Pirate Monkey Explores -The Vatican Museum

Welcome back to another museum experience brought to you buy Pirate Monkey Painting! Check out the last travel post here and the last hobby post here.


The Catholic church began during the life of Jesus, over the centuries it grew until somewhere in the 2nd or 3rd century the church organized itself at the Vatican in Rome. Throughout its history the religions leaders, lessons and themes have been the subject of artists imagination. The Vatican Museum is the church’s finest collection of its histories creative artifacts and it is immense. Ranking number 5 in the world’s largest museums it has enough floor space to take up 11 football fields.

Borrowed this from an internet encyclopedia.

The outside of the museum is deceptive as the entrance of the museum is a part of the vatican’s wall with a door and the line. If you arrive to late then prepare to bake in the sun for a while as you wait to get in. Thankfully I had a liter of water to sip on while I inched up the line. When you finally enter and go through the security check a large space opens up to you and there are a couple of different directions to go. Without much hesitation I went to the renaissance art and was rewarded with what I came for. All of the masters from that period have some form of work in those long halls.


The museum frequently transitions between sleek modern and original architecture seamlessly and elegantly. The new renovations also don’t interfere with the sight or views much either.


Wandering the halls I attempted to give each piece its own time, studying and analyzing. reading into the story the artist was attempting to tell or dissecting the beautiful colors and forms.

The raising of Lazarus. The composition is so meticulous.

The fresco’s are everywhere. Nearly every room had some stunning painting not only hanging on the walls but also painted on the ceilings

Most of the rooms were from a specific period going all the way back to the Ancient Egyptians. The renaissance paintings were of course many of my favorites. Caravaggio and Da Vinci, Raphael and Titian .

The masters painting OSL. A great one to study!

Did I mention artifacts? The church loves the shiny stuff, they tithe they collected in fine metals jewels and other means allowed them to have these incredible artifacts crafted. I won’t get into the morals of the tithe here but nonetheless these are stunning examples of fine metalsmithing

At one point I found myself walking down a long hall that had paintings of each region of italy upon it in detail accounting all of the rivers and cities that it contained at the time of note. I had wondered almost half way down the hall before realizing what it was!


One section that grabbed my attention was one of modern to contemporary religious art it was interesting to see some of those wild takes on catholic topics from Dali and others with their wild colors and simple forms nonetheless they were gripping.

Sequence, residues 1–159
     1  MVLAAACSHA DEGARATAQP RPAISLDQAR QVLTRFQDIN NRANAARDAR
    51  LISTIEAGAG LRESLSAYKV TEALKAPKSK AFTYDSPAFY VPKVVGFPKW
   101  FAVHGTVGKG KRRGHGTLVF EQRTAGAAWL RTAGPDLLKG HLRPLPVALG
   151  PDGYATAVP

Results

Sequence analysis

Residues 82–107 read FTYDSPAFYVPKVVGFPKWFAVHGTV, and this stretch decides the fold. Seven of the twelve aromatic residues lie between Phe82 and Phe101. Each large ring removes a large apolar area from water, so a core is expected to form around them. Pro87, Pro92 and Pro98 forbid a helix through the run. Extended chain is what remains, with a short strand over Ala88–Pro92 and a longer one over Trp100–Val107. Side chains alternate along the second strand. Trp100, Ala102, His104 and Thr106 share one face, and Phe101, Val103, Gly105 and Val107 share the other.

Near the end of the expedition one walks through a few halls before being let into the Sistine chapel. This small space contains Michelangelo’s masterpiece fresco on the ceiling and The Last Judgement on back wall.


Even the walls are painted to look like curtains fresco by other masters Sandro Botticelli, Domenico Ghirlandaio (this was one of Michelangelo’s masters)and Pietro Perugino are also on these hallowed walls. All of these things combined makes the space feel much larger than it is and this causes people to cram in because they think there is room. The idea of using freehand to make a space feel larger is something that would be interesting to explore in miniature art! Especially because we are working so small to begin with.


The artworks have so much energy that people of course want to chat about it but the rooms acoustics tend to magnify the sound leading to the guards tapping on the microphone and loudly shushing the whole crowd or angrily saying “SILENCIO…”  in italian usually followed by “No Photo…”  it’s a waste of effort though as people continued to chat and take photos the whole time. The guards frequent interruptions were louder then the murmur itself. I took my by holding my phone at waist level and pressing the volume button. Even with all of that though the frescos are stunning even more so considering that it was not michelangelo’s main focus




As I started to leave after gazing up so long my neck became sore I quickly realized that this was the end and attempted to return which ended up with guards pointing out.
Even though my time came a little prematurely I thoroughly enjoyed it and can’t recommend visiting this one more. It truly is a testament to the creative world and gave me enough to study and ponder for a lifetime

Thanks for stopping by!

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